to Netscape? .Net platform is quite ambitious and making
impressive headways. Of course, my love affair with
Linux will be forever though I was incensed by Red Hat's
announcement that the company is not supporting personal
version of RH Linux anymore. So, I am switching to SUSE.
Even though I was extremely impressed by Solaris, it is
a proprietary platform, both hardware and software,
which makes me unaffordable to own a Solaris machine.
Also, I am enthusiastically waiting for the release of "LongHorn."
In the future, I believe computer languages, OS
platforms and hardware would become seamless while
network security is going to become an increasingly
important issue. It is because access to wide bandwidth
becomes increasingly affordable nowadays.
Folks, as father of our national independence,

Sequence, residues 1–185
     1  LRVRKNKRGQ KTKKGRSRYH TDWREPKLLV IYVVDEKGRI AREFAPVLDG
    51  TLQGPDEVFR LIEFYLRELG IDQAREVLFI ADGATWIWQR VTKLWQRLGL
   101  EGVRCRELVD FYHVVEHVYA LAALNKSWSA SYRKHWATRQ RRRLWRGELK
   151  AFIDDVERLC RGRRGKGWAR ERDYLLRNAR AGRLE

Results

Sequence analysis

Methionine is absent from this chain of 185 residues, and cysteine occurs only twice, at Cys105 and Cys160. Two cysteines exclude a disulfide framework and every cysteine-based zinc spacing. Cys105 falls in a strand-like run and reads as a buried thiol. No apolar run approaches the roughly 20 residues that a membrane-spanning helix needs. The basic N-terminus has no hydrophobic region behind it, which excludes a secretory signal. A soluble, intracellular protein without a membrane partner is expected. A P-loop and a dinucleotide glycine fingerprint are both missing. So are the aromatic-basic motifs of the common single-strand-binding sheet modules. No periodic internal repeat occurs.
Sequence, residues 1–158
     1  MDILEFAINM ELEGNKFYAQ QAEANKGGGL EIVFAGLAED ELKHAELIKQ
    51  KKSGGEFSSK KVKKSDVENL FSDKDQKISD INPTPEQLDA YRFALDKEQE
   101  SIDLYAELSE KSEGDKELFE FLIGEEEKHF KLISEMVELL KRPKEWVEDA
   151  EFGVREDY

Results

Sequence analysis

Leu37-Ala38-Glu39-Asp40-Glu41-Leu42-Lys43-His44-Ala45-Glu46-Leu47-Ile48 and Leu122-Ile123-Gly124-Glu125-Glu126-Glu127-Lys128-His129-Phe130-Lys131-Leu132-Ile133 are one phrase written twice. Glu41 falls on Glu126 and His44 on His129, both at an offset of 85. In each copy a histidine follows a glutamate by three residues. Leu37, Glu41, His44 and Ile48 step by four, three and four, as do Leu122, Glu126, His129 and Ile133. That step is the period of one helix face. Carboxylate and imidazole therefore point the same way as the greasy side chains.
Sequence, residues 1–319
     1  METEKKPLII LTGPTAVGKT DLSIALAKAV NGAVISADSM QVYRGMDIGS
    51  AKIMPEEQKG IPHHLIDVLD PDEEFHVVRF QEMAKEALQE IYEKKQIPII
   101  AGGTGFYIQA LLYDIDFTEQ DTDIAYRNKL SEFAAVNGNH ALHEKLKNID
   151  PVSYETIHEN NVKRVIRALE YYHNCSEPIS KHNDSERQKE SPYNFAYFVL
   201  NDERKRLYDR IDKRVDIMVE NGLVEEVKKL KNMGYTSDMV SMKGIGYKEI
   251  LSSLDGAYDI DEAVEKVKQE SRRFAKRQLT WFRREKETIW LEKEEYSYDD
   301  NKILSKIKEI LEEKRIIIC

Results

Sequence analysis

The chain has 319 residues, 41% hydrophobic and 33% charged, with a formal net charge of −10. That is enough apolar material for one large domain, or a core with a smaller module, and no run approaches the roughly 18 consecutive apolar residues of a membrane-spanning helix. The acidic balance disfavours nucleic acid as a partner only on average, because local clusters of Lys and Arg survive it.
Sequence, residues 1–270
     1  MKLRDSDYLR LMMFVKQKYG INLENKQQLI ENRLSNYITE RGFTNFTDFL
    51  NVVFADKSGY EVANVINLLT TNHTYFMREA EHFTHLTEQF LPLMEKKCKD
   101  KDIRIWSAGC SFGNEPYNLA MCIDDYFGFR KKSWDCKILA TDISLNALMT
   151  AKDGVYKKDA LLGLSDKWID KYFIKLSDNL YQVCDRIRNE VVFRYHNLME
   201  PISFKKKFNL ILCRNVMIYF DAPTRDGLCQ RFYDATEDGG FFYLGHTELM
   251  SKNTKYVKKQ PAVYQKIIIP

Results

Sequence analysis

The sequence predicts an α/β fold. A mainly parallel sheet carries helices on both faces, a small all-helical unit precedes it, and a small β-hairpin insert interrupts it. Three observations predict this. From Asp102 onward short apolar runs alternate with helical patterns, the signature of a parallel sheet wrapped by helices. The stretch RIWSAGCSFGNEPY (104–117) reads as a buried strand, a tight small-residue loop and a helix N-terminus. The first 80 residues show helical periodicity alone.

Generalissimo Aung San, said "Politics is the
responsibility of everyone." This is even more true
under the current political circumstances in Burma. I am
still studying political science not because it is my
passion but because it is a patriotic duty. Pretty soon,
I will be finishing up my dissertation and will become a
newly-minted Ph.D. guy in political science also. It's
that paradoxical that I am both a computer scientist and
political scientist - the two fields are on the opposite
extremes of a continuum. Political Science is an
extremely soft science. It is so soft to the point that
I don't even believe it is a science while computer
science is undeniably a real science.
Political Science Research
Here are some selected papers that I researched and
wrote while doing my graduate studies in political
science. They are in *.pdf format and, if you wish, you
can download and read them. However, please do not
plagiarize my papers.
(1) "A Comparative
Study of Causes of Military Interventions in Latin
America during 1960-70's" . This
paper won me a $300's prize at ISU. Wasn't that
wonderful for a poor student at the time?
(2) Here is my analysis of Thailand's financial crisis
of 1997. It brought me an A+. Please notice that at the